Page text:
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Who’s afraid of the big bad bank?

18 November 2011 By Fiona Maharg-Bravo

Spain is suffering from a real estate hangover. One of the biggest problems facing Spanish banks is what to do with the real estate loans and foreclosed properties left over from the construction boom and bust. Now the opposition People’s party, which is expected to decisively win elections on Nov. 20, is said to be mulling the creation of a state-backed bad bank. Such an approach has been tried in Ireland with mixed success. It would be a high-risk strategy for Spain.

Spanish lenders are sitting on 338 billion euros of real estate exposure, half of which is in arrears or foreclosed, according to the Bank of Spain. Setting up a bad bank would free up balance sheets and allow management to focus on making new loans. By exchanging dud loans for government-guaranteed bonds, lenders would also gain extra collateral they could use to borrow from the European Central Bank.

The problem, however, is accurately valuing property loans amid a dearth of transactions, particularly in land. Taking a conservative approach to valuations protects taxpayers, but forces banks to crystallise big losses. This creates a big capital hole that needs to be filled. If valuations are too high, however, taxpayers will be on the hook for future losses.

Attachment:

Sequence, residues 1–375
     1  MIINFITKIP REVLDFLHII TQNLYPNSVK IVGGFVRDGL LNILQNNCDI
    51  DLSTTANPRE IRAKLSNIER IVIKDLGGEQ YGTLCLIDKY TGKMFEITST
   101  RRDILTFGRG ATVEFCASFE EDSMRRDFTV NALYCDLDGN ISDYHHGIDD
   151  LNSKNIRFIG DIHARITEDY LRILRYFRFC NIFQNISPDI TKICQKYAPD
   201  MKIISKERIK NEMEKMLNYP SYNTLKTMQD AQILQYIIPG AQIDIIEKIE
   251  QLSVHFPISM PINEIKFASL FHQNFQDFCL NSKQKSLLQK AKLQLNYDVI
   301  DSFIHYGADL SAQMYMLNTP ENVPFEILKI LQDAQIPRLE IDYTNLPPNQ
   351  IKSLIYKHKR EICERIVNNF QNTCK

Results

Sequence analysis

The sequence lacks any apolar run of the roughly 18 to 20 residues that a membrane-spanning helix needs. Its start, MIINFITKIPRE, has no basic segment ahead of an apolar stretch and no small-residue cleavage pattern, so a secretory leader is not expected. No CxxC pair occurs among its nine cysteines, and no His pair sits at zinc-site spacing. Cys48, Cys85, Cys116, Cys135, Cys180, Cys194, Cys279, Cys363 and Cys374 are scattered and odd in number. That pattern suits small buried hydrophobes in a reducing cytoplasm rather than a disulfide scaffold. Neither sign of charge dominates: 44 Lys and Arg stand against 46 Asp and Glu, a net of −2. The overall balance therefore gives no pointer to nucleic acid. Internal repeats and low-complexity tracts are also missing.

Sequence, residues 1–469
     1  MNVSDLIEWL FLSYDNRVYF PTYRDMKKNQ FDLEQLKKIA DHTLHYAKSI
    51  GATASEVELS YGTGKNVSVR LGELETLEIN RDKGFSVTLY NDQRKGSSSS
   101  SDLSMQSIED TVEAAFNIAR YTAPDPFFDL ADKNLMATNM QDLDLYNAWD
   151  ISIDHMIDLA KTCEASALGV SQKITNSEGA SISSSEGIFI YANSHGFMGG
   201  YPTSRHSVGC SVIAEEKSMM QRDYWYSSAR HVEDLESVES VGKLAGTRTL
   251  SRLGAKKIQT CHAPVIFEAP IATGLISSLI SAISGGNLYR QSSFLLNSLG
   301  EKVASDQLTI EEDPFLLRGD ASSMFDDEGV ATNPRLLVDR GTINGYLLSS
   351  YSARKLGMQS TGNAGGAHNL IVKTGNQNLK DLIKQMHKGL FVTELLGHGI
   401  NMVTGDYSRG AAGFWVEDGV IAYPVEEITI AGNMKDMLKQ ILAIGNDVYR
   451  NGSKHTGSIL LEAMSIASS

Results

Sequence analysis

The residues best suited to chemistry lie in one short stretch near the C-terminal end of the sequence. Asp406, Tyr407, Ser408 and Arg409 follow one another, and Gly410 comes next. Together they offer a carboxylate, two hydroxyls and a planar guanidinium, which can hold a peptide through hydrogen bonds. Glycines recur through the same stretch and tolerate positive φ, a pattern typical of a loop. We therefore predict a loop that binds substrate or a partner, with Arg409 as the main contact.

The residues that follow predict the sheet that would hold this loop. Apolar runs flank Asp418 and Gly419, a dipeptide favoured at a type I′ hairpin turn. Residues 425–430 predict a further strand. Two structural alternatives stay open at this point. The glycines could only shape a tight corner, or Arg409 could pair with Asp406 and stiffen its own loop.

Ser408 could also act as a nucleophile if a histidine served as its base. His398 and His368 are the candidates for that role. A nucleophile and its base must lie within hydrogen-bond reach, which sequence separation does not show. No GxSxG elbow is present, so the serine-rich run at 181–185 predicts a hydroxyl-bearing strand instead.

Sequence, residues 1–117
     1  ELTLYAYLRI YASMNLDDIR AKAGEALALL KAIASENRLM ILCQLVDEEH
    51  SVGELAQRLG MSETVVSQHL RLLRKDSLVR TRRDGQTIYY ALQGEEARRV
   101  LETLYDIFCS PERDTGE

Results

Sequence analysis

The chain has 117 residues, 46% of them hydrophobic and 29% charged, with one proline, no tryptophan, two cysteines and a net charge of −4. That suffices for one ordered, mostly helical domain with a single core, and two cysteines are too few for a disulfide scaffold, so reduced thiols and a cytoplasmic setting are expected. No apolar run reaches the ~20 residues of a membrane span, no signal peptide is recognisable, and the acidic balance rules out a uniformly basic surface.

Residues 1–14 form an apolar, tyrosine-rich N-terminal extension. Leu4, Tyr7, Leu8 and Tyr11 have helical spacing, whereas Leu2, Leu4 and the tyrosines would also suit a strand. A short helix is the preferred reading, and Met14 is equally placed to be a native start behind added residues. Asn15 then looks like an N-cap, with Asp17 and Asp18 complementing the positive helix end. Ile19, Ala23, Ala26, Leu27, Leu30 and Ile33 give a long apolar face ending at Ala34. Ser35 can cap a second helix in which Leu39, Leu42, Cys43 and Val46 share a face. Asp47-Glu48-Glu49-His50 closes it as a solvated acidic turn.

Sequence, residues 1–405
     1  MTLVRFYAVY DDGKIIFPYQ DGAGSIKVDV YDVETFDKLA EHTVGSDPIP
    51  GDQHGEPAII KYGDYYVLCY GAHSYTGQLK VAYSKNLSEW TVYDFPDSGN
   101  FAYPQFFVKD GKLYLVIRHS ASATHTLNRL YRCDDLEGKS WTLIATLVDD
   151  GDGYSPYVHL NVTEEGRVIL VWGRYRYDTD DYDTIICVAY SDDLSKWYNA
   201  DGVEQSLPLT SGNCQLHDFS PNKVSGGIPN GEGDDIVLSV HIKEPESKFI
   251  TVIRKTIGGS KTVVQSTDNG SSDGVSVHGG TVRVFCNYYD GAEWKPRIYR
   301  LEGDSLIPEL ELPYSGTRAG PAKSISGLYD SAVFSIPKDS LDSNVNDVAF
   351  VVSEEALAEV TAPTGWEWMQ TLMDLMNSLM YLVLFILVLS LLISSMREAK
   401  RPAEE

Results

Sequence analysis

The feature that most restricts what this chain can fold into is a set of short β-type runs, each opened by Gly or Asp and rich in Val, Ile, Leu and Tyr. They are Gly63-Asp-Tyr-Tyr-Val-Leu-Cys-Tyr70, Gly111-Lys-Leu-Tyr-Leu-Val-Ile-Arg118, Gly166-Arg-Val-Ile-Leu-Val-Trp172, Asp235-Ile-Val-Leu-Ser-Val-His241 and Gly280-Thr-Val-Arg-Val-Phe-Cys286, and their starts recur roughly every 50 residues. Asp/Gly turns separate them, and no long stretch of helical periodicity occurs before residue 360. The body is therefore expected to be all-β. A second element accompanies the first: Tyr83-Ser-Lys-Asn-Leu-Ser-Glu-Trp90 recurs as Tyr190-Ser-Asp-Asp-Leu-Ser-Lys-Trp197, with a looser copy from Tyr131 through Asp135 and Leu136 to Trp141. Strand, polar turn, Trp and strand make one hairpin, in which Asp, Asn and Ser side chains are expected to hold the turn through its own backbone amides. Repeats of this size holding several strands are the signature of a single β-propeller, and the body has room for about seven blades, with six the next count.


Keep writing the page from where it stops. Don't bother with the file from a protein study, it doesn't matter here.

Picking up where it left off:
Moreover, the bad bank would use up Spain’s scarce resources. Assume, for example, that the 176 billion euros of impaired property assets have to be written down by a hefty 60 percent. Subtract existing provisions, and banks would have to absorb 33 billion euros of losses, after tax. The state would be on the hook for some that. And it would still have to spend another 70 billion euros, roughly equivalent to 7 percent of GDP, to buy the toxic loans.

A different approach might be for the state to force banks to recognize big losses on toxic assets up front, but stop short of buying them. True, the government would still have to wholly or partly nationalise some lenders. However, it could then carve out the bad assets on a case by case basis, and return the cleaned-up banks to the private sector. That may not be as neat a solution as the clean sweep the bad bank would provide. But it would minimise the risk for the beleaguered Spanish taxpayer.


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